“Let’s see how well YU’s latest flagship shoots”Micromax’s sub-brand YU, which is known mainly for its budget and VFM Android smartphones, ventured into flagship territory with the Yutopia (review) last year. The premium smartphone boasted top-of-the-line specs, but received only a lukewarm response. Now the brand is back with another premium offering, the Yunicorn. The latest smartphone comes with a sleek new design, along with a new Android-based UI called AOS – Android on Steroids – that comes with a few extra features, plus a deep integration of the Around YU services. But that’s something we’ll talk about in our review. For now, let’s take a look at what the Yunicorn’s cameras have to offer. While the primary camera is a 13MP unit, the front shooter is rated at 5MP.
This long shot is average at best. Large parts of the image appear washed out, with the fresh green leaves on the trees appearing drab and washed out. On the plus side, the image is sharp and detailed.
The Yunicorn’s primary camera seems to fare a lot better for close up shots compared to landscape ones. This rose has been captured in sharp focus, with a nice depth of field effect for the background. The colours also appear true-to-life, although there is a blueish tint to the image.
Close Up (Zoomed In)
To get a closer look at the image above, we’ve cropped it closely. There’s a lot of detail captured in this image, with the individual petals of the rose and even the fuzz at the bottom clearly visible. All in all, this is a great macro shot.
Captured on a sunny afternoon, this seemed like an ideal scene to test out the Yunicorn’s HDR capabilities. There are clear areas of light and shadow in this image, and the background seems quite noisy. Let’s see if turning on HDR livens things up.
The HDR mode on the Yunicorn takes a couple of seconds to process the image, so you’ll need to hold the phone still. As you can see, there’s a lot more visibility in ths shadowed areas now, and sharpness seems to have been improved as well. However, the increase in overall brightness makes some areas of the image seem washed out.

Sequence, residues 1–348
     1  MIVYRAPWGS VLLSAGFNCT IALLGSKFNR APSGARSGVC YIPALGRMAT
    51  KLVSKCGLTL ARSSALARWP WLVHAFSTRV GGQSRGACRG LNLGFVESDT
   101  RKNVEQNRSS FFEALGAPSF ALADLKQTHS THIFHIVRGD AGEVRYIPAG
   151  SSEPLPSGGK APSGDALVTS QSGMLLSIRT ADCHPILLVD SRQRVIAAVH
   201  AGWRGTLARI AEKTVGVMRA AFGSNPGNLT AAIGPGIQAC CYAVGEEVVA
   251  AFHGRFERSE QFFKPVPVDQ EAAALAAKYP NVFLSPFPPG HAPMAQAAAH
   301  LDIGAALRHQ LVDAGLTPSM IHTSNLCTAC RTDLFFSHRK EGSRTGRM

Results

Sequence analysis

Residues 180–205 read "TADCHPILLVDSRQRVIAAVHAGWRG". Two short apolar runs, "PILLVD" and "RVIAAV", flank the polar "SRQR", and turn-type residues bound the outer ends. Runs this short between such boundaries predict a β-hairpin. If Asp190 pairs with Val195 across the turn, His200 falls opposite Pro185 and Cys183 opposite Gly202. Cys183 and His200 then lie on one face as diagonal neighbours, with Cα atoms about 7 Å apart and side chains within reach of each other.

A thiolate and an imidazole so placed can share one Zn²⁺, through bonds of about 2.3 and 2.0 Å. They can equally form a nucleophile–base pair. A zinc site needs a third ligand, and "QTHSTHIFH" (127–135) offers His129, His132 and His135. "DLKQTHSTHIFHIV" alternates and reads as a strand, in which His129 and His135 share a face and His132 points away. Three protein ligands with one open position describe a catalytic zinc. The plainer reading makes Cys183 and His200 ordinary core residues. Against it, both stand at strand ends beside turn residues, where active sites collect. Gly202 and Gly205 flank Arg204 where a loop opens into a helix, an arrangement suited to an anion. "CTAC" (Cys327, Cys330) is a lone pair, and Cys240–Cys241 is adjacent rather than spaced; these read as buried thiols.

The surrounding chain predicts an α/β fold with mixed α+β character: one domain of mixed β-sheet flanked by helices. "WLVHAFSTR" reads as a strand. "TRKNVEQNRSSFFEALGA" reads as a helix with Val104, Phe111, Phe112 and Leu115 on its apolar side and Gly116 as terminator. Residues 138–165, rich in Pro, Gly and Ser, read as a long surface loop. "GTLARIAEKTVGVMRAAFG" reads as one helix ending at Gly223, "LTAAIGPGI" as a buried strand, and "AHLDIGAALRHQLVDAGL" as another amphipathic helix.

Captured with the front camera, this image sample is quite decent. Skin tones appear natural, and so do the colours. The image is sharp and in focus, and while there are traces of grain, it’s not enough to be of concern.
This shot taken at night isn’t impressive at all. While the colours appear natural, there’s a lot of visible noise, and the image is blurry despite the ample lighting.
This image taken in low light has met a similar fate. The subject isn’t visible at all, rendering it useless. Let’s see if the flash can improve this.
Low Light (With Flash)
With the flash on, all the subjects are well illuminated, although the one on the right looks a bit blown out. The flash has a nice, natural tone as well – not too white or too yellow.
As you might have surmised from the images above, the Yunicorn’s cameras are average at best. While this might be acceptable for a budget device, it’s very disappointing on a flagship, where people expect superior image quality. The camera can take decent up shots, but apart from that doesn’t impress. To see how the Yunicorn fares in our other tests, check out our full review.